Our aim is quantitative understanding of the key processes operating in the solid Earth at a large range of spatial and temporal scales at plate boundaries (subduction, collision, rifting and transform faults), within the plates (plumes and large igneous provinces) and in deeper mantle (mantle convection) which are constrained by the multidisciplinary surface observations acquired by the GFZ and international scientific community.
The Earth sciencies also profit from the rapid advances in computer technology. In Section 2.5, we use modern, powerful computers to simulate the movements within the Earth. In our models we introduce innovative know how from the topic area thermomechanical modelling. Our specialty is models with which we can simulate the interplay of those processes which take place on completely different scales in time and space. These integrated-scale models are applied in investigations of the deformation processes at plate boundaries in three dimensions. In addition, our models contribute to the understanding and estimation of natural hazards like earthquakes and tsunamis.
The dynamic processes within the Earth are not only hidden from direct observation because they take place at unreachable depths. They also occur on time scales that are much slower than humans can sense. While the ruptures in earthquakes race at speeds of about 10,000 kilometers per hour through fault zones, the huge lithospheric plates shift at paces slower than a fingernail grows. Earth scientists must thus be able to handle fractions of a second as easily as time spans of millions of years.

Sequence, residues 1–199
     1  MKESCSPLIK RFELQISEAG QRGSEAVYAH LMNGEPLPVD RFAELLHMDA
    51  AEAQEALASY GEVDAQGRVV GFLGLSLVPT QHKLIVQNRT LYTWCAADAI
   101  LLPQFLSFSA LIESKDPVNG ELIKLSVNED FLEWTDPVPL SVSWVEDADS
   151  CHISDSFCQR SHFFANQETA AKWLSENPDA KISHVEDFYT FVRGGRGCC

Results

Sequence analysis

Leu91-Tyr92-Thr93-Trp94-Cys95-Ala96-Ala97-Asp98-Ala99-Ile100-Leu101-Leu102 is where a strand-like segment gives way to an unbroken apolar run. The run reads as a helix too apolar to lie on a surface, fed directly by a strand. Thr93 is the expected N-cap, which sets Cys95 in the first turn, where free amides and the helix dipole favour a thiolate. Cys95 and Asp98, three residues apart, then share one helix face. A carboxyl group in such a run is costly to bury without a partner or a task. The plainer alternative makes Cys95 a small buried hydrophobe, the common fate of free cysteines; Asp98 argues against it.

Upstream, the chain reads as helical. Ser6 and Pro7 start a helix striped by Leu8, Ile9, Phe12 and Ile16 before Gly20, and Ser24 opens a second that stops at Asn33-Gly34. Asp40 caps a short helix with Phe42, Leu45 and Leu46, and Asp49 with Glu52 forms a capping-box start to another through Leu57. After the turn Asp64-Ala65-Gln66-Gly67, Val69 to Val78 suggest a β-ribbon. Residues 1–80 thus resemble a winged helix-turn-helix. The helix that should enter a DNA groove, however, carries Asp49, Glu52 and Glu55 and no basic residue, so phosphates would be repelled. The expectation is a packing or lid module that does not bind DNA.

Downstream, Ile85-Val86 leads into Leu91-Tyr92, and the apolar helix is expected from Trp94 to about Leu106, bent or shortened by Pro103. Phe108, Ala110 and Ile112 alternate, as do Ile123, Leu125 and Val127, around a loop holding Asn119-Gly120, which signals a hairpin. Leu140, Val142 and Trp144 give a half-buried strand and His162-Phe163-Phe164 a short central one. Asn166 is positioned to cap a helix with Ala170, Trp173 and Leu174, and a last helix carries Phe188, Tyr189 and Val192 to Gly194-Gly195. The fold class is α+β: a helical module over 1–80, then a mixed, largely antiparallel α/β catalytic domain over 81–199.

In our Section, we have developed numerical methods which can simulate the details of dynamical processes which take place on such dissimilar time scales. We use them, for example, to simulate the rupture processes in earthquakes. The calculated results serve, in part, as input for modelling tsunamis as part of the German Tsunami Early Warning System in Indonesia.
We are particularly interested, however, in simulating the deformation in the Earth's crust and mantle that occurs where lithospheric plates interact, as they do at transform faults or in subduction zones. These interactions generate heat, which not only affects the mechanical behaviour of rocks but can also produce petrological changes. Since we take the thermomechanical and petrophysical changes into account in our simulations, their output is especially realistic. They therefore also contribute as input to a new system for tsunami warnings, called GPS-Shield, based mainly on GPS measurements of crustal deformation. Since our modelling methods take many input parameters into account, they also support the unified analysis and interpretation of many different geophysical, geological and geochemical measurements.